The Wall Street Journal had a story entitled Docents Gone Wild sharing some stories about museum docents going off script, treating visitors rudely or diverting people away from works of art they didn’t approve of.
The take away for me wasn’t so much that you have to keep an eye on those crotchety senior citizens as much as the retirement of the Baby Boomer generation provides an opportunity to mobilize a large cohort of people on behalf of the arts. Only it will require some effort to effectively engage and train them.
In some respects this idea is a complement to the series on arts and aging/healing that Barry Hessenius hosted last month. That series dealt with the idea that there is an unmet need that the arts can respond to that is only going to grow as the Baby Boomer generation ages. However, currently most arts organizations lack the capacity to do so.
In terms of enlisting retirees as volunteer or in a type of semi-retired/second career role, arts organizations’ ability is a little more developed, but can still be improved. These retirees are people who are transitioning out of careers as highly skilled professionals and will likely enjoy a longer, healthier post-retirement lifestyle than their parents had.
They may want to contribute more than just ushering, envelop stuffing and phone answering during their retirement. If they can’t find an activity to hold their interest, they may choose another activity that they feel is better suited to the energy and ambition they feel they have.
Arts organizations may be wary about involving additional older folks on their boards of directors when they are desperately seeking younger voices, but it wouldn’t surprise me if some organizations managed to create special task groups that mobilized to advocate and lobby for them with government entities.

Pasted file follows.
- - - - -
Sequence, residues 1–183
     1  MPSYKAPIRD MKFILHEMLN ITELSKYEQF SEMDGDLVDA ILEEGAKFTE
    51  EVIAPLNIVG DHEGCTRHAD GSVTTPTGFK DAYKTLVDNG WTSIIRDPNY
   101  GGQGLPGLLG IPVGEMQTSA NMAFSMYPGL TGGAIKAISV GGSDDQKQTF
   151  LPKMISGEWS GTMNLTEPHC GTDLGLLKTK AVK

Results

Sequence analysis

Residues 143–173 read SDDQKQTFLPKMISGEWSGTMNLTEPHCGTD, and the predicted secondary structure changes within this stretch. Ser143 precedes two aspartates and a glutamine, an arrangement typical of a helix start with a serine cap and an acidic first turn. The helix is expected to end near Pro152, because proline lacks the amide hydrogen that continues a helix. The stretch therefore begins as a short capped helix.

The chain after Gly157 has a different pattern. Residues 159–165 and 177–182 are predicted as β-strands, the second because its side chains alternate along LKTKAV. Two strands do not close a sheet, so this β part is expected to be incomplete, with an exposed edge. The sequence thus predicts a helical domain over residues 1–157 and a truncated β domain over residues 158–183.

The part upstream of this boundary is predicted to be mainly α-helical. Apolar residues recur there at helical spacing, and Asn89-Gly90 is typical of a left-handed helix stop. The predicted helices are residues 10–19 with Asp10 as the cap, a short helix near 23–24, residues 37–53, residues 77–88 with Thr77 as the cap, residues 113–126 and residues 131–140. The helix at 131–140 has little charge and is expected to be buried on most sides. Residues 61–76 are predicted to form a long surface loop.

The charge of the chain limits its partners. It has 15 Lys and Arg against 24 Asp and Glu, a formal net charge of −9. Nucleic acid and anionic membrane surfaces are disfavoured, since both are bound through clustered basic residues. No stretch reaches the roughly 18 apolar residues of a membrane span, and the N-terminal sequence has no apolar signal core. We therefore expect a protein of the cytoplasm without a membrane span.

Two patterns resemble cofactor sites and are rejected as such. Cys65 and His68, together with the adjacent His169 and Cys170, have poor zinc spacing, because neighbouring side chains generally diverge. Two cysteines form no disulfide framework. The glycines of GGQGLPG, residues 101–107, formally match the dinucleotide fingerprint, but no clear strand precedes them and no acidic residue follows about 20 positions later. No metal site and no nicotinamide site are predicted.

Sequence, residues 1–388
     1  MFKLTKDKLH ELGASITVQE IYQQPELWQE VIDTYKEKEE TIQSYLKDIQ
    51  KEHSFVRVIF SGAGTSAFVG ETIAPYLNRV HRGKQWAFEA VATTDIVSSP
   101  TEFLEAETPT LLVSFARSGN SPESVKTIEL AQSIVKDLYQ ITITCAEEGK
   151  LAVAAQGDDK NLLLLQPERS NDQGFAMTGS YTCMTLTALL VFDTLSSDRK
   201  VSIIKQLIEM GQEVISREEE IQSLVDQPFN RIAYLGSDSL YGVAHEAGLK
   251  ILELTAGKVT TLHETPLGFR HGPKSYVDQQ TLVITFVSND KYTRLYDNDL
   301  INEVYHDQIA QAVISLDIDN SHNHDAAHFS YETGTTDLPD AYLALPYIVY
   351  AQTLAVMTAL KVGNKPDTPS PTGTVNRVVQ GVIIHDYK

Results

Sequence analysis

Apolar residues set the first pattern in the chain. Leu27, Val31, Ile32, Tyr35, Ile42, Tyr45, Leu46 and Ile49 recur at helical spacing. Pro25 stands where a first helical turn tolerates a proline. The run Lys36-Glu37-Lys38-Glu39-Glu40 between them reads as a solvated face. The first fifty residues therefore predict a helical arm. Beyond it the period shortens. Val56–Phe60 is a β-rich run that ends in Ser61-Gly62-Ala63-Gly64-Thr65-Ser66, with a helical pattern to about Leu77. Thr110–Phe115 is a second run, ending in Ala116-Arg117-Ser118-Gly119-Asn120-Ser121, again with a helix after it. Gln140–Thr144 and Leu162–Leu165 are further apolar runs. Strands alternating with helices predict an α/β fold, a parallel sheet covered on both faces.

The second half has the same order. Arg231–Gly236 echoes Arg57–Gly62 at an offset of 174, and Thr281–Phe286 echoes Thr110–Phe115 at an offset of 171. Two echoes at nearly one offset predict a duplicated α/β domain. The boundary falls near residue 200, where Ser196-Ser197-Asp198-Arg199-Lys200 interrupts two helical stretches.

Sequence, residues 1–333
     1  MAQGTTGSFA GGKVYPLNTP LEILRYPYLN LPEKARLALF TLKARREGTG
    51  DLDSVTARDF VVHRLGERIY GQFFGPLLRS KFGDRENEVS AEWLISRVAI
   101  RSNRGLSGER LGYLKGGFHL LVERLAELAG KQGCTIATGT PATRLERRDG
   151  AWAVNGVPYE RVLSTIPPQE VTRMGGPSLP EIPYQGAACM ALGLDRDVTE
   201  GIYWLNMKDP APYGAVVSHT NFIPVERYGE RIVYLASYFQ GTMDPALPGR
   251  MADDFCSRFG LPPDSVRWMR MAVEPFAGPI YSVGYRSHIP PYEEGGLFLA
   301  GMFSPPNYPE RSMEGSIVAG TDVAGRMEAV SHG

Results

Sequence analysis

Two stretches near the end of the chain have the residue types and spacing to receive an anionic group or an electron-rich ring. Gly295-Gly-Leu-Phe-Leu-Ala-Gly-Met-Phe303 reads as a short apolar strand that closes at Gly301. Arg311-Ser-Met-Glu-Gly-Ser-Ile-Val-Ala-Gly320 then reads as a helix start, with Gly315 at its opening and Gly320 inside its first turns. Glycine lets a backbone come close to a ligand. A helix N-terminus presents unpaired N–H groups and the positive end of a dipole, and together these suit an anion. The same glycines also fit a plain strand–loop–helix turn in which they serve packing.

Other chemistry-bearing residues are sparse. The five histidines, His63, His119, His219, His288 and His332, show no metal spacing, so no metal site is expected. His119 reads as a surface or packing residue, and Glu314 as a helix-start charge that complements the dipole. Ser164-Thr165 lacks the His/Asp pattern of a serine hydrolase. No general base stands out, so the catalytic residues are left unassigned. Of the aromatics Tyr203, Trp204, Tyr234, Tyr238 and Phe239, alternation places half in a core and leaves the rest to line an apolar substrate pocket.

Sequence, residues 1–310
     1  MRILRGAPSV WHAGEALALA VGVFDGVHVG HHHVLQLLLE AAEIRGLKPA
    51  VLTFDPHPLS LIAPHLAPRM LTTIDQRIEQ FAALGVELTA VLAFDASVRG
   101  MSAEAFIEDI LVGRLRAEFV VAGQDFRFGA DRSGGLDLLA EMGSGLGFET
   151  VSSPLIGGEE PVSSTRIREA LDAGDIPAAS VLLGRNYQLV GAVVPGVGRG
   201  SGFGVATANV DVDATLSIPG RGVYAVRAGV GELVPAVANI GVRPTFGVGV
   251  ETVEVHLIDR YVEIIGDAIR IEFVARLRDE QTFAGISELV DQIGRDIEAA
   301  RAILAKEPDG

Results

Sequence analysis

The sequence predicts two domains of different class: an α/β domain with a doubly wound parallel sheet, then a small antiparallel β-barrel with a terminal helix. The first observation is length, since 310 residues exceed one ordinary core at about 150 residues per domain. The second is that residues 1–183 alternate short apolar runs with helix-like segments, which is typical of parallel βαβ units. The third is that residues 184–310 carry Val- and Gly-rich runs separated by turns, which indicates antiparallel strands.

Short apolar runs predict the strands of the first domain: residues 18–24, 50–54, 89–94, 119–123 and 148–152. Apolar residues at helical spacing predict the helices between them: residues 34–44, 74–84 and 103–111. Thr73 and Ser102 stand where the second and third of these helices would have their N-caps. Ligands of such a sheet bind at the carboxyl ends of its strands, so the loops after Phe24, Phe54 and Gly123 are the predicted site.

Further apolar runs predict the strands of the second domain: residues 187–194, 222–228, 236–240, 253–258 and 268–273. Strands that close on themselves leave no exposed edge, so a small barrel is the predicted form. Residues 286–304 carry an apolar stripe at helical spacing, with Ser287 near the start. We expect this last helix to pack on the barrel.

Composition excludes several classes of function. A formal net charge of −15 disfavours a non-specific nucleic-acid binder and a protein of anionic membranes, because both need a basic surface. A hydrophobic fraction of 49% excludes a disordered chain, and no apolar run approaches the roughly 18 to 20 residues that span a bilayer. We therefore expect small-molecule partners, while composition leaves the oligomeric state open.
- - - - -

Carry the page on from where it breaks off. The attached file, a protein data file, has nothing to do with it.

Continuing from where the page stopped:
For all the foibles their docents may exhibit, I am pretty impressed by the rigor of the training program these museums have instituted for their docents. Not that I would increase the training we give our volunteers for its own sake, but it makes me wonder if we are investing enough attention to our training as well as care and feeding of our current volunteers even before addressing the issue of being prepared for new arrivals.
As I was I writing this post, I had a vague recollection of some futurist like John Nasbitt (Megatrends 2000), Faith Popcorn (Popcorn Report) or Alvin Toffler (Future Shock) coming out with a book in the last 10-15 years that said retirees would gather into fairly insular communities termed something like Yogurt Communities because they would value “active cultures” or cultural activity. I wonder if anyone can remember it because I can’t find it. I was curious to do a check back to see if predictions were coming to pass.